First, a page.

Hands-on Gear Review
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Pros: Great edging, sticky rubber.
Cons: Expensive, not the most sensitive.
Best Uses: Technical face climbs, edging, bouldering.
Manufacturer: La Sportiva
The La Sportiva Miura stands out as an edging machine. Tommy Caldwell did most of his wicked technical El Capitan free ascents in this shoe before switching to his signature La Sportiva TC Pro. Out of the box, the Miura's are among the best shoes for standing on tiny stuff. As they break in, as with most shoes, they lose some precision and become a little more sensitive on slabs.
Overall this is one of the most popular technical climbing shoes. For all-day climbs you might also consider the La Sportiva TC Pro that has more durable rubber and is a more supportive climbing shoe. But as far as an awesome technical shoe for experienced climbers, this is among the best. Sportiva's only shoe that is more precise is the La Sportiva Solution which is great for bouldering. For most cragging routes, sport routes, and trad routes, the Miura is probably the best option. It is much more of an all-around shoe than the La Sportiva Miura VS. The Miura VS is more of edging machine but not as versatile. Its main competition is the Five Ten Anasazi VCS, which is also an edging machine. It's hard for us to call which is our favorite because they both are amazing at edging and technical climbs in general. We lean more toward the Anazazi VCS for granite and the the Miura for limestone.
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OutdoorGearLab Editors' Hands-on Review
The Miura is all about technical edging, precise foot placements and climbing at your limit on a variety of rock types. The angled cut of the toe allows it fit easily in technical laybacks. The uppers are well designed with high quality leather. The Vibram XS Edge rubber is durable and holds an edge well. Depending on how you size it, it works well in cracks, something that the other super high end La Sportiva shoes (Solution and Miura VS) are not as suited for.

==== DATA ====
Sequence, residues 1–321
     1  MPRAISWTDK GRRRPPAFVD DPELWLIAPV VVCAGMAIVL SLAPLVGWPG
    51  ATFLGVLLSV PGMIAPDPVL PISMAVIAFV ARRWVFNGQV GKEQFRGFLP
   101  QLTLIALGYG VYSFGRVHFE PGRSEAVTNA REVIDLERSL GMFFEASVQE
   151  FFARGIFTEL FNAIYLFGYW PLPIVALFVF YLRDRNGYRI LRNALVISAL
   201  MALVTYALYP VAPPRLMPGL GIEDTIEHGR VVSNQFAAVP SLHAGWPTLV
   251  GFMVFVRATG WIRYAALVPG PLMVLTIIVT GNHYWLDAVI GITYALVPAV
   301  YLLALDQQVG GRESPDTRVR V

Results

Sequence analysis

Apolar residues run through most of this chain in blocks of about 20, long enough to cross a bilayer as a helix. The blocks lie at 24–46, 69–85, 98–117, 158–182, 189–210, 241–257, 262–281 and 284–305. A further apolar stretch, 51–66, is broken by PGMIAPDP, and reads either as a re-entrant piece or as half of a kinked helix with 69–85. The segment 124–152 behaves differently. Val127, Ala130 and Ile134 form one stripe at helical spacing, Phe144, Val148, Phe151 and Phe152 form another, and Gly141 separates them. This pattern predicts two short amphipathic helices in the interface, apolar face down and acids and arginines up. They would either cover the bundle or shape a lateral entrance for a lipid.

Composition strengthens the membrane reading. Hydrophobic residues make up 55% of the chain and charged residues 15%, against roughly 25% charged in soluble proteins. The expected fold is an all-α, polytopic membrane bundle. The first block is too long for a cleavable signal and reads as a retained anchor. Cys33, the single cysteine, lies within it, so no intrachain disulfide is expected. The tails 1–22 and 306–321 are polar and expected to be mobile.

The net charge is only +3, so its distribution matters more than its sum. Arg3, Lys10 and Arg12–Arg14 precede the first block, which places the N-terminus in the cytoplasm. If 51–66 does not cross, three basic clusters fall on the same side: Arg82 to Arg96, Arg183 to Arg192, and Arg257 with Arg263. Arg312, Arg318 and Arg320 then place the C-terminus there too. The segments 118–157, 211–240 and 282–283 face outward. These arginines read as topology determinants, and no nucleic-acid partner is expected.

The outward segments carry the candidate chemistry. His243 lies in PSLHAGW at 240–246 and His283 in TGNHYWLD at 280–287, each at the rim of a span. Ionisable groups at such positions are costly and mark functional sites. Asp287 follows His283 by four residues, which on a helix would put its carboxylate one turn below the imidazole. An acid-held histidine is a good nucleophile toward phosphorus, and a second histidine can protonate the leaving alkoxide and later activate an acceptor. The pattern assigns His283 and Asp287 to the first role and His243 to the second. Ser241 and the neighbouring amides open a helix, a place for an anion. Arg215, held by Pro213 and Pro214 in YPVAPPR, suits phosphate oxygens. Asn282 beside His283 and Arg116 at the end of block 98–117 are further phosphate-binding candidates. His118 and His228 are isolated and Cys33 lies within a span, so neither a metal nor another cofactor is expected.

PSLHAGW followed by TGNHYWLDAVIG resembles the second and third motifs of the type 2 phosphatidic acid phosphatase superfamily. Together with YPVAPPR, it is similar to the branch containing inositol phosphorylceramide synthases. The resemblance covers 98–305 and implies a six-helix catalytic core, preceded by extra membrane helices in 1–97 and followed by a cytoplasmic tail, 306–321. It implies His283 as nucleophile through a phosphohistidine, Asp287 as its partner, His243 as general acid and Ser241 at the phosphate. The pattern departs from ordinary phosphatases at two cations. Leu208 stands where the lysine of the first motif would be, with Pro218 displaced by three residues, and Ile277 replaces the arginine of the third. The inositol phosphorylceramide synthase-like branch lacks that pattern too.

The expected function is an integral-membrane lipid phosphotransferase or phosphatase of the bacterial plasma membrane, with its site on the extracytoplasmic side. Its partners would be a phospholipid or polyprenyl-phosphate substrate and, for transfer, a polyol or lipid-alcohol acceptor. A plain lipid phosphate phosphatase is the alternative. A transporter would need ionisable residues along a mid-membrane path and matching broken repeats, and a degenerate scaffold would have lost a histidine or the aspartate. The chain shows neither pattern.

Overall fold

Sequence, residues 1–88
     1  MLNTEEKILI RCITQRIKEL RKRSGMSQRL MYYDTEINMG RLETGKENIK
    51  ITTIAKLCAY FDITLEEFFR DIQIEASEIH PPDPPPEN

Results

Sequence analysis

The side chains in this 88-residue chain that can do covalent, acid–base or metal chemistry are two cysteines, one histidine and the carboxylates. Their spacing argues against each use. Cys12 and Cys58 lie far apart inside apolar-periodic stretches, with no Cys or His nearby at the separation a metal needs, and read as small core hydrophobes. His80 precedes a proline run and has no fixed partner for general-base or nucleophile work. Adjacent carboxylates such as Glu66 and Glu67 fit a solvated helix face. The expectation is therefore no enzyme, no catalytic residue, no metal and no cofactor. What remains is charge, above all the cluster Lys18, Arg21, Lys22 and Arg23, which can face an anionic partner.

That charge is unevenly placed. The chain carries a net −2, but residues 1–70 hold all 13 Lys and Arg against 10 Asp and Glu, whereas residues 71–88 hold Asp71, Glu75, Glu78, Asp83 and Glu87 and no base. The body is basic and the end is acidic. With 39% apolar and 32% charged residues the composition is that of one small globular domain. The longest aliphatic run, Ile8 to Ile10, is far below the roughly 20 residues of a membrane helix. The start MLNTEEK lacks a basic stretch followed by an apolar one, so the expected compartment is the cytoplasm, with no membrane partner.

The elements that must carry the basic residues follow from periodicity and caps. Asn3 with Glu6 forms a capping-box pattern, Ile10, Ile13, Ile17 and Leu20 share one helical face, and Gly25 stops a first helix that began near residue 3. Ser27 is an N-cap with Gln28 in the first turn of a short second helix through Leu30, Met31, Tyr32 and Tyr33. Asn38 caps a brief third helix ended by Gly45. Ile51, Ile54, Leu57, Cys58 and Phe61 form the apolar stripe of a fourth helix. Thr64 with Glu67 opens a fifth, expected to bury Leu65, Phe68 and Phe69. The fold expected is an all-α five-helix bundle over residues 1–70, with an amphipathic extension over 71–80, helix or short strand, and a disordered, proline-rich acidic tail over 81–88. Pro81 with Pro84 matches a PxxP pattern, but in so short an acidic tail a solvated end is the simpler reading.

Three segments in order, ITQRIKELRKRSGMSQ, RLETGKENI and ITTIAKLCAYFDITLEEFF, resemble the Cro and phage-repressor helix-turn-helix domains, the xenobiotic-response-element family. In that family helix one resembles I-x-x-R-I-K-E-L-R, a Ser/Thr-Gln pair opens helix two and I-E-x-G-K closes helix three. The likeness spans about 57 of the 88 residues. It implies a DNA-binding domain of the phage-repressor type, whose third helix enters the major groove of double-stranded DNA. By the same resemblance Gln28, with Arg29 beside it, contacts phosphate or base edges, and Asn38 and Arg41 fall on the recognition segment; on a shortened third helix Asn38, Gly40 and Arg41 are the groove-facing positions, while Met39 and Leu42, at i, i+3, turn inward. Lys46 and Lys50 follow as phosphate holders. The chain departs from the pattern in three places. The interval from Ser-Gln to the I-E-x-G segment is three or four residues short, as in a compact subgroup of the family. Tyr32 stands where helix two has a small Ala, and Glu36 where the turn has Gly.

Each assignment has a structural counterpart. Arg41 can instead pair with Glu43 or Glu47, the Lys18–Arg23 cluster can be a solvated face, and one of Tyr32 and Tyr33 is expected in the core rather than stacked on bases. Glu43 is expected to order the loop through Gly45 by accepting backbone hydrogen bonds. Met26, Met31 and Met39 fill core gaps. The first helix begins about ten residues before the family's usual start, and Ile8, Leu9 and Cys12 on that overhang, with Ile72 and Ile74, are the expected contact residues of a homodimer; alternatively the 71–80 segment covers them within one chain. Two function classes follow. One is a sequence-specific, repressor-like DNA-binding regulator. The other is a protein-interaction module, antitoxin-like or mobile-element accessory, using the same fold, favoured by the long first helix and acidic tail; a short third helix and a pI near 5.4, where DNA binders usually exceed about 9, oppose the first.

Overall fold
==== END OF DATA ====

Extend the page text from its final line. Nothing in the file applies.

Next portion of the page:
This shoe is not that sensitive, especially when brand new. It is not ideal for friction smearing. The XS Edge rubber is not as tacky, soft or sensitive as the XS Grip rubber used on the Solution. There are pros and cons to this rubber. Some people will love it, others will be used to something a little more tacky. Toe hooking is often more difficult due to the widely spaced laces that do not hook or catch well.
This shoe ain't cheap. It's generally a shoe you buy once you become a more experienced climber and want that extra precision. For an introductory shoe or a workhorse shoe to trash there are much cheaper alternatives like the Mad Rock Flash.
This is one of the top climbing shoes for anything technical, whether it's granite or limestone. It is the type of shoe that you want to get pretty small and tight for super technical stuff and a little bigger if you want to climb all-day routes. In contrast, the TC Pro is designed to perform well even when worn in a more comfortable size. It is La Sportiva's most versatile shoe at the upper end of performance.
The La Sportiva Miura VS seems like it would be the Velcro version of this shoe. However, it is actually much different. It uses a more aggressive shape and platform, different lining and all-around different feel. It is a great shoe, but much different.
Miura's In Action
Here is a Video of Tommy Caldwell that shows the La Sportiva Miura in action on Mescalito, El Capitan, Yosemite:
— Chris McNamara
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OutdoorGearLab Member Reviews
Most recent review: May 20, 2014
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